Graduate Student Spotlight: Ann Tran

We’re excited to launch our new Graduate Student Spotlight series, featuring members of the APARRI graduate student community! To start off, we’re spotlighting Ann Tran, who recently received her PhD in Comparative Literature from UC Irvine and is now an Assistant Professor at Cal State University, Long Beach. Check out our interview with Ann below!

1) Tell us a bit about your research interests. How do the study of Asians and Asian Americans and the study of religion intersect in your work?

My research lies at the intersection of Asian and Asian American Studies, critical refugee studies, religious studies and archival studies. I had initially began my graduate studies in 2017 in the Comparative Literature PhD program at the University of California, Irvine with the drive to document my mother’s story as a Vietnamese refugee. Ling Thuy Legg was a single mother of three and knew only of one life, a life in constant search for refuge. I began an oral history interview with her to capture her story of having lived through the horrendous aftermath of the American War in Việt Nam, of over a decade of being separated from her mother after the Fall of Sài Gòn, of constant financial instability as a nail salon worker since her arrival to the US, and of over twelve years of domestic violence during her short time here. Though I lived through and witnessed the latter two, the only way I learned about my mother’s life in post-war Việt Nam was through the ghost stories she would tell me as a child – her horrendous accounts of spiritual possessions that reflected the haunting terrors of the war caused by US intervention and the enduring effects it had on the land and the Vietnamese people. While she was a bystander to literal hauntings, her postmemories of them haunted me. Her ability to see the many lost spirits of war was a gift, or curse, passed down from her grandfather who would tell her ghost stories, as she later did for me. These, what I refer to as ancestral epistemologies, undergirded my work, on haunting and intergenerational memories of war and trauma, well before her passing – until she, too, became my ancestor.

2) What drew you to study religion in the first place?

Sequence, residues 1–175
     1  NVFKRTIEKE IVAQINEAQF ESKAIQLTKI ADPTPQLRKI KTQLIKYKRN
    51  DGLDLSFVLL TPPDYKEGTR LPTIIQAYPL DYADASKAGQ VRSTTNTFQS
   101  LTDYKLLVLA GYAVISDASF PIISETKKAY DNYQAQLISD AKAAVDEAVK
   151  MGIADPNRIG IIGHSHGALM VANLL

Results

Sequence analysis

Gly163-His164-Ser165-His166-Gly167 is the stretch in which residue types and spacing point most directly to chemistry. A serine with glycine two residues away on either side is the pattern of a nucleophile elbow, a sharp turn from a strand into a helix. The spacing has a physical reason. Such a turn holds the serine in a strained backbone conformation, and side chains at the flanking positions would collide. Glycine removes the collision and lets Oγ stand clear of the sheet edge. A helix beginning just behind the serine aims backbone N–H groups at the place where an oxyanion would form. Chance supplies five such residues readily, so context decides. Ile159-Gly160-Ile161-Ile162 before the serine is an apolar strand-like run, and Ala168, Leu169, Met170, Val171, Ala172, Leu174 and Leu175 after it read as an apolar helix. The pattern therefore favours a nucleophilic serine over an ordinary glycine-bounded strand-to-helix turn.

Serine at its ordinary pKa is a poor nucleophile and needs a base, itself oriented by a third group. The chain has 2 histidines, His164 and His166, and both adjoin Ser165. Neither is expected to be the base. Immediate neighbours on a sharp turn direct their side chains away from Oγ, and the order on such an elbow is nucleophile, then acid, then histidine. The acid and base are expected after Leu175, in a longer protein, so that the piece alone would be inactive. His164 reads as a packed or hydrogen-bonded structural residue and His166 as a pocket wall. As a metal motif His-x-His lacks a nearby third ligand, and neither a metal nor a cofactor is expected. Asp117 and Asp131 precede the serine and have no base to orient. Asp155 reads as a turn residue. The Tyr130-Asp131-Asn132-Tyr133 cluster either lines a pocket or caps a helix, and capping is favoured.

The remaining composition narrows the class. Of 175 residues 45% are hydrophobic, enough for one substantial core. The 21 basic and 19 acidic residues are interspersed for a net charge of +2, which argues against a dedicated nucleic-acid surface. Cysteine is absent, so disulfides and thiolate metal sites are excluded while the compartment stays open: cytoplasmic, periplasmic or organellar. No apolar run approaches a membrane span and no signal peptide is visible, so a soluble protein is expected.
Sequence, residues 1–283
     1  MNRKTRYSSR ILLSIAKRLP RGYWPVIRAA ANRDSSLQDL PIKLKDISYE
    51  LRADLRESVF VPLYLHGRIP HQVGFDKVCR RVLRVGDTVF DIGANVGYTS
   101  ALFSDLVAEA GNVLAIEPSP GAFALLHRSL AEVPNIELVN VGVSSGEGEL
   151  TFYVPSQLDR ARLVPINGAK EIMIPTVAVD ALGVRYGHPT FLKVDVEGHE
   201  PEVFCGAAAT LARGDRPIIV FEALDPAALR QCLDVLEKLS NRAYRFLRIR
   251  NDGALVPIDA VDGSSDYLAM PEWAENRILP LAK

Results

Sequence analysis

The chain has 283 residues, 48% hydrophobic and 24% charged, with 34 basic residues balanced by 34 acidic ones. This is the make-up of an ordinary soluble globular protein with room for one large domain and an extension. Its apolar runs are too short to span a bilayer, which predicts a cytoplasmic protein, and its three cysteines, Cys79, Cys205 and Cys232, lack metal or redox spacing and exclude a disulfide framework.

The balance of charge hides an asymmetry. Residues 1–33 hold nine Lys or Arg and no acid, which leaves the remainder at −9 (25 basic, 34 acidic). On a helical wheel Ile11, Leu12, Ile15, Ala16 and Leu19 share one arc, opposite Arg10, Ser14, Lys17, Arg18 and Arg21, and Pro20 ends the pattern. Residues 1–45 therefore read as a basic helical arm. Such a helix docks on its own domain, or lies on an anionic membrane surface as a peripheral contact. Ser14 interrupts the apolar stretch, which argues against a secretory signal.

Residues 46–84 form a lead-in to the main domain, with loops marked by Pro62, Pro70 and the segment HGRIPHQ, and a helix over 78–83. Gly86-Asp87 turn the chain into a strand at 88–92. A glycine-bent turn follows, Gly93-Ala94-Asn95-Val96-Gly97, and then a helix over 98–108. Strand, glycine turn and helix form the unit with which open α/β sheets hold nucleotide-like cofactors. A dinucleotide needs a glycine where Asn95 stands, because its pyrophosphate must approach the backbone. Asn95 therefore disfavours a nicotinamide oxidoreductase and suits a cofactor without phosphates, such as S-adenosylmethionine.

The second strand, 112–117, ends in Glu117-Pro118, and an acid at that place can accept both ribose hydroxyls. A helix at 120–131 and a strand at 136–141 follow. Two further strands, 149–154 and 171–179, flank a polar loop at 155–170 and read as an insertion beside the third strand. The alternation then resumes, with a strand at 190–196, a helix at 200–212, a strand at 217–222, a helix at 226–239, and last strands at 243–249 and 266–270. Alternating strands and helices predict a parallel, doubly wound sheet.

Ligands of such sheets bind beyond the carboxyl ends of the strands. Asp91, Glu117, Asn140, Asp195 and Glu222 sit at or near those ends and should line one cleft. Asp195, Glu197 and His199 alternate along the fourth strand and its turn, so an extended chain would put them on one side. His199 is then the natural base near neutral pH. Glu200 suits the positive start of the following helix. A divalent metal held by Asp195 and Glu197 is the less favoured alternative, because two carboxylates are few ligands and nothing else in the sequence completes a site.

I have been brought to this work through the lived realities of Vietnamese refugee women, of witnessing my mother’s life of continuous struggle and precarity, and her untimely, unexpected death in 2021 at the mere age of 49. Though I began an oral history interview with her during my graduate studies, we never got to finish it before she passed away from respiratory complications exacerbated by COVID-19 and 15 years of daily exposure to toxic chemicals as a nail technician. In my fifth year of graduate studies, when I was left with an incomplete oral history archive and fragments of my mother’s life through her ghost stories and my own memories of her, I ventured into the study of religion and spirituality in order to piece together my mother’s life story. The concepts of haunting, ancestral spirits, and afterlives, all became less abstract upon her death. My research is now centered on the second-generation labor of comprehending the impossible realities that Vietnamese refugee women endure in the fragmented work of intergenerational healing — a labor not exclusive to those of us who have lost their mothers at a young age. Having been raised by familial ghost stories, and having seen how ancestral worship of lost spirits as well as the souls of our own family members, I learned that religion and spiritual praxis was often the only way refuge became possible for our people. I found no other place to make sense of the unfathomable life of my mother than in trying to understand the ancestral metaphysical realm of Vietnamese folk religion.

3) How have you grown – whether intellectually or personally – throughout your time in graduate school? What have been your most important takeaways from your experience?